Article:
Patti LuPone

Far Away Places
Live at 54 Below

Broadway Records


The multi-award-winning Patti LuPone has made no secret of the fact that she loves the nightlife. (“Come on, I survived the ‘70s!”) Armed with a truckload of awards from major successes on Broad- way and concert stages of the world, she admits a personal love of the intimate stage. Hence, she was the most obvious choice to open what was coined “Broadway’s Nightclub”—the biggest thing to happen on the cabaret scene in eons. 54 Below is the lush, speakeasy-style basement below Studio 54 and set the perfect stage for LuPones’s return to cabaret. All the magic of that engagement is caught on this disc from Broadway Records.

Far Away Places is the act that made her (and the club) the toast of the town. The show was a musical collage of travels and experiences throughout her career, with an emphasis on the light side fused with some pretty dark stuff, which she pulls off at her drama queen best. The CD captures the adrenaline rush that changed cabaret and the Manhattan tapestry after dark.

The show didn’t rest on past laurels. Nor was it a medley of show tune hits. It followed a cohesive through line based on various junkets, her love of travel and professional hiccups along the way. She set the stage opening with a robust “Gypsy in My Soul” which segued into Willie Nelson’s smoky “Nightlife.” With brilliant Musical Director Joseph Thalken leading the hot band, the show flowed with conviction and verve. LuPone is a commanding diva whose honesty with a lyric can be shattering. Without losing any of its humor, she finds new ways to act and sing the eclectic song list. She can tear your heart out with an exquisite “I Cover the Waterfront” or “Far Away Places.” Like everything else, she makes them compelling. Yet, with such a powerful delivery throughout her set, some songs sound like encores. Always the pro, this takes away nothing. There’s a heartfelt treatment of Piaf’s “Hymn to Love.” Her trademark raw truthfulness peaked. It is a quality few singers can expose. On both, she displayed a vulnerability that was trenchant. More of this might be welcome as she is so effective in those touching moments. She shows an affinity for Kurt Weill through haunting songs that she handles with an old world thespian’s art comparable to Lotte Lenya. She nails such caustic phrasing with earthy ease and they are highlights. These included “Bilbao Song,” “Ah, the Sea Is Blue,” “Pirate Jenny” and “September Song.” Scattered through the act, they offered the show’s most profound moments. Other standouts included a buoyant “Come to the Supermarket in Old Peking” and a zippy “Nights on Broadway” that succinctly wrapped up this memorable hour. It’s all caught on this terrific collector's album. Patti LuPone is a brassy, honest, one-of-a-kind performer in today’s world of cookie-cutter artists who pass for award winners. Cabaret is lucky to have her back.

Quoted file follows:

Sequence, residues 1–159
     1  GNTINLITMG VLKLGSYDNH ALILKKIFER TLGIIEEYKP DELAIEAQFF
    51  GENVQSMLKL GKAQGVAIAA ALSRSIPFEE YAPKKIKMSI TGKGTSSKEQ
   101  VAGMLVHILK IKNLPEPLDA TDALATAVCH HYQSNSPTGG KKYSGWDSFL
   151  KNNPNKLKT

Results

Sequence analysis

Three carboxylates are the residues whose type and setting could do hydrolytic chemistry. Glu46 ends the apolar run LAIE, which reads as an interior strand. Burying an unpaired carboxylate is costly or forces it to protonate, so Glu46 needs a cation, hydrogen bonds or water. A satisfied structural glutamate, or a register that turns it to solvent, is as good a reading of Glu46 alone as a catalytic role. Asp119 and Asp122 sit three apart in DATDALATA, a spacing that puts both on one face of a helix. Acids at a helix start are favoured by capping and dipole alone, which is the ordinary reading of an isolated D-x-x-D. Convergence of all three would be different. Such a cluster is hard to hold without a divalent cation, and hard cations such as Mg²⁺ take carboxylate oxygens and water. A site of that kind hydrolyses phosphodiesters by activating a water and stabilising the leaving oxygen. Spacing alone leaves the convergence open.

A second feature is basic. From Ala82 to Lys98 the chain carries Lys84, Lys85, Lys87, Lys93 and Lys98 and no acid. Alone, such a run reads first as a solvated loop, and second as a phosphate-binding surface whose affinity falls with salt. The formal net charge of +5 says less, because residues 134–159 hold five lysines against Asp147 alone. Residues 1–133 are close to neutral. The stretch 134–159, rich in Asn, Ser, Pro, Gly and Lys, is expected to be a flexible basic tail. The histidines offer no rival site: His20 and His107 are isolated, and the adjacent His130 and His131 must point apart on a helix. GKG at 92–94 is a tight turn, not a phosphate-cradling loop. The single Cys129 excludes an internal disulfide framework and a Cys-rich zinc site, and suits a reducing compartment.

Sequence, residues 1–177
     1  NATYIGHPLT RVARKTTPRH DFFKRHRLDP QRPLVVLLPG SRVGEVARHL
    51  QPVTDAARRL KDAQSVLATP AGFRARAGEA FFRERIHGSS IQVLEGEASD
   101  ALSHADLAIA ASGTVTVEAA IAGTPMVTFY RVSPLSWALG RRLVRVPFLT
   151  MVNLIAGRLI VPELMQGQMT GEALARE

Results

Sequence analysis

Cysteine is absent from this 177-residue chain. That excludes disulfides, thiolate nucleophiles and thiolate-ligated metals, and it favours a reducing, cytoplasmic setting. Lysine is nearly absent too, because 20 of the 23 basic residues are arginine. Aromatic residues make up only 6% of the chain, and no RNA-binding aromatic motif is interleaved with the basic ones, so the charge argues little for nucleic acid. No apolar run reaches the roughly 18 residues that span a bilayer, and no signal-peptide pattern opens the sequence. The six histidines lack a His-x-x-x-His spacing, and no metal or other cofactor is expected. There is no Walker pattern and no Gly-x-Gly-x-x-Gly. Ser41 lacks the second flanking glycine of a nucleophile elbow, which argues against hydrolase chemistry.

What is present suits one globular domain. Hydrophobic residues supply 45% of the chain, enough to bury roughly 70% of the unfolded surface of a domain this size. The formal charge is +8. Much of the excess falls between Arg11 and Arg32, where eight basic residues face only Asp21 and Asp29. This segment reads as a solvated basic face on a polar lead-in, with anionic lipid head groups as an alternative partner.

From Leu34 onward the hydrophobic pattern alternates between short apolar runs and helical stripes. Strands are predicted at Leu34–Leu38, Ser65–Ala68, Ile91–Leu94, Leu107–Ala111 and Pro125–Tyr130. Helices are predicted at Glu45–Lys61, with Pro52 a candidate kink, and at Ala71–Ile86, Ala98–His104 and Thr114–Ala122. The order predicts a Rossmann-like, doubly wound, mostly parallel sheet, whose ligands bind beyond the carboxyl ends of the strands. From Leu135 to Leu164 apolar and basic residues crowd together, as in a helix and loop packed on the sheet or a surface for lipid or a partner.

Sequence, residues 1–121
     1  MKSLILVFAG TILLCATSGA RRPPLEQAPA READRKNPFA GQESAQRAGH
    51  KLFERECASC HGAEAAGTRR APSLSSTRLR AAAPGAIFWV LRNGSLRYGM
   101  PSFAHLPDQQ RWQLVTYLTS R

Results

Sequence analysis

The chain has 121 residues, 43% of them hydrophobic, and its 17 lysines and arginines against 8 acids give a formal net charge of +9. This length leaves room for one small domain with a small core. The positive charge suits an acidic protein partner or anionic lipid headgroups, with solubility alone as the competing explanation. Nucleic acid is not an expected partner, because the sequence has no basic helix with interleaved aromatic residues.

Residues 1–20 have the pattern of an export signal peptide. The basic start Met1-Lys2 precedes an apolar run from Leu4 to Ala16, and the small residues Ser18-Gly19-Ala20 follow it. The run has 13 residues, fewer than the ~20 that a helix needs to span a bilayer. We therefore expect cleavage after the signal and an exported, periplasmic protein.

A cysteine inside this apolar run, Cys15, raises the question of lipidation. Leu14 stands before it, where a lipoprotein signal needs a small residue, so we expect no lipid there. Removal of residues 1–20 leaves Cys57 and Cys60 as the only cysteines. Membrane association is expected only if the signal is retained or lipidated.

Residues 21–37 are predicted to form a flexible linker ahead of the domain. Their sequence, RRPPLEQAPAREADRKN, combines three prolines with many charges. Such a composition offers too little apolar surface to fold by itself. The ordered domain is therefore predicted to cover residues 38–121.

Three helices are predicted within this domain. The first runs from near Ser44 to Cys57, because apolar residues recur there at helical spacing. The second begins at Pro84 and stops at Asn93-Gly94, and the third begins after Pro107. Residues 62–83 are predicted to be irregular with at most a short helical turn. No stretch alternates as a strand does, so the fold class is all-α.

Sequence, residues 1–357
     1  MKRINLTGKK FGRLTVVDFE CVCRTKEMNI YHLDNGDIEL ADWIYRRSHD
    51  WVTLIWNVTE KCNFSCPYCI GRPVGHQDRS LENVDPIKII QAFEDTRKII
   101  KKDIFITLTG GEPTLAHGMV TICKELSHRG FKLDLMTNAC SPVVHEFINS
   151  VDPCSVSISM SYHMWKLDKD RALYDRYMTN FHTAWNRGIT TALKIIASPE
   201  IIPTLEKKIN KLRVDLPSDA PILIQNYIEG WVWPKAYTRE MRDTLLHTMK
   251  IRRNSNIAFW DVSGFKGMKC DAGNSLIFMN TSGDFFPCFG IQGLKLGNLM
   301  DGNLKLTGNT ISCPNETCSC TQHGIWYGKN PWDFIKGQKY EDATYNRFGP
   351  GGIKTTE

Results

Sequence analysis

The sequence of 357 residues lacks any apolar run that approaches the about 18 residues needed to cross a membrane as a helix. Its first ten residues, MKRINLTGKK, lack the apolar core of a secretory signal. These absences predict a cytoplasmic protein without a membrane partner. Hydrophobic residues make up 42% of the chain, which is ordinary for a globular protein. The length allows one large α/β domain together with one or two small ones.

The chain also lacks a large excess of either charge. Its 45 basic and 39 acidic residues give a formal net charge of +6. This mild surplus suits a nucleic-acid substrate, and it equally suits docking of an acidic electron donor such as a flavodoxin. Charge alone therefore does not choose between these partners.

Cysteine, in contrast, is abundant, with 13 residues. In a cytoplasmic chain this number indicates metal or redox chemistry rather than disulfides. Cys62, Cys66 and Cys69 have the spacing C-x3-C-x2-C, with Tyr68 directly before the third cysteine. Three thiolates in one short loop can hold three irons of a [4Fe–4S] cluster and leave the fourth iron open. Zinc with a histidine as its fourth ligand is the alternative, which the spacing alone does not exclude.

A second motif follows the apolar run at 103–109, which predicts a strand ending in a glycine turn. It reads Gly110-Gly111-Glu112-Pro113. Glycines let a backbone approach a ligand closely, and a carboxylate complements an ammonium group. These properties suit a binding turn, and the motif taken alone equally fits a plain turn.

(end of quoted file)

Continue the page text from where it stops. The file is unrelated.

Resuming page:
Reviewed by John Hoglund